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Last Updated: Sunday, 26 November 2006, 10:58 GMT
NY police kill man on wedding day
New York police officers at the crime scene
No gun was found in the car which was hit by 21 bullets
An unarmed man has been shot dead by police in New York City hours before he was to have been married, prompting fury over the officers' actions.

Two of the man's friends were hurt in the shooting, which occurred outside a strip club where they had been celebrating before the wedding.

Police fired 50 bullets at a car carrying the men after it reportedly struck an unmarked police vehicle.

New York's mayor says police had acted fearing an armed "altercation".

"Officers on the scene had reason to believe that an altercation involving a firearm was about to happen and were trying to stop it," Michael Bloomberg said.

The club was under surveillance because of its long history of weapons complaints, drug-dealing and prostitution, New York's Police Chief Raymond Kelly said.

Civil rights activist Al Sharpton has demanded the police explain its actions.

"Gunshots all over the place. This is outrageous at best," he said.

He also criticised the police for handcuffing the two men receiving emergency care for their injuries in hospital.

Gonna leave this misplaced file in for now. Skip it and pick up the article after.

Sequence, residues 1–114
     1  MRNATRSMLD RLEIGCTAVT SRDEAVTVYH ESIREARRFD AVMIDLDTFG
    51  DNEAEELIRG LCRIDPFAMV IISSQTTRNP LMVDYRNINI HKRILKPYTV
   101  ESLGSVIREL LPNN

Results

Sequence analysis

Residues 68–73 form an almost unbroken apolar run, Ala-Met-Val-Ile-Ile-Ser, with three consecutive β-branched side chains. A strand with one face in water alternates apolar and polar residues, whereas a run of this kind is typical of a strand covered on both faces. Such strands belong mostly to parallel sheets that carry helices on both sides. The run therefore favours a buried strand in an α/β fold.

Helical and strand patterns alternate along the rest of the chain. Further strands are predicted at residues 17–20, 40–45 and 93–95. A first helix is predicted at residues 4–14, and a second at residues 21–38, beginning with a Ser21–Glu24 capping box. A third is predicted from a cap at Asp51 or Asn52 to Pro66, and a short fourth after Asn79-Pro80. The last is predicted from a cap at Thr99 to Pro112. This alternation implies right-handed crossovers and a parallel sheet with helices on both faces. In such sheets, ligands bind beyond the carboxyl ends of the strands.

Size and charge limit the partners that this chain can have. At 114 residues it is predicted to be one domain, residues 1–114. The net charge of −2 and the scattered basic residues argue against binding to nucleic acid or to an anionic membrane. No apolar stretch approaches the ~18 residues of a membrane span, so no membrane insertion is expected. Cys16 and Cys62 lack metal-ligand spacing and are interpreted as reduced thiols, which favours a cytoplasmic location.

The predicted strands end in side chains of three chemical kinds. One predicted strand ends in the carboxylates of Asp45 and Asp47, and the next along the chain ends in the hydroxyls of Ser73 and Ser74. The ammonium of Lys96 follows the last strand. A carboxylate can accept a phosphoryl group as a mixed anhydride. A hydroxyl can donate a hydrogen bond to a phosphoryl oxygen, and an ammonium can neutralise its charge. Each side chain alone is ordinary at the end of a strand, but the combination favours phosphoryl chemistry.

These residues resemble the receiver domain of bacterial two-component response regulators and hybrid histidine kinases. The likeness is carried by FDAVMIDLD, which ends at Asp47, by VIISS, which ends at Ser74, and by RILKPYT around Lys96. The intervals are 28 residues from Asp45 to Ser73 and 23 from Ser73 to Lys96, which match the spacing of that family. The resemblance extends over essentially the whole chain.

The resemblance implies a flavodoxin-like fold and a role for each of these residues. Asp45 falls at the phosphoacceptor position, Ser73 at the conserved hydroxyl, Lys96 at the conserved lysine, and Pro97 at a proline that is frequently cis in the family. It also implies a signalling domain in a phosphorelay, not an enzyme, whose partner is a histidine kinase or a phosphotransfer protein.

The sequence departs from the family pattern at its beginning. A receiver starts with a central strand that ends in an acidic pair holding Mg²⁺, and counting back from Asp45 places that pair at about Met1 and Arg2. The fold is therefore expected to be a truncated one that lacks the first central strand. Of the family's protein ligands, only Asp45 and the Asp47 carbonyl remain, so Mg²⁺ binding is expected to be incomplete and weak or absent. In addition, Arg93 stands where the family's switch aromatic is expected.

Denise Ford, the mother of one of the men hurt in the shooting, is quoted as saying her son was shot in the hand, right leg and buttocks.

"I think this is messed-up on the cops' behalf," Ms Ford told New York newspaper Newsday.

"They're too hotheaded and something needs to be done about it."

Police suspicions

A total of 21 bullets hit the car the men were in as they left the strip club, police said.

The driver, Sean Bell, was to be married later on Saturday. He was pronounced dead on arrival at hospital.

Al Sharpton, flanked by relatives of the injured men
Al Sharpton said the police must explain its actions

One of his passengers, Joseph Guzman was hit by at least 11 bullets and is in a critical condition in hospital.

The other passenger, Trent Benefield, was hit three times and is in a stable condition.

Police Chief Kelly said the three men were also being watched.

He said an undercover officer at the club had reported that the men were in a group that was involved in a dispute with another person outside the club.

The officer had reportedly called his colleagues saying he feared a gun would be produced.

As the men left the scene, a car they were driving struck an undercover officer on the shin.

It also hit an unmarked police vehicle, which is when five of the seven police officers on the scene opened fire, Mr Kelly said.

No weapons were found on the three men or in their car. An investigation is under way.

In 1999, New York police fired 41 bullets at unarmed Amadou Diallo, killing him. The four officers involved were acquitted of all charges.

The scene of the shooting

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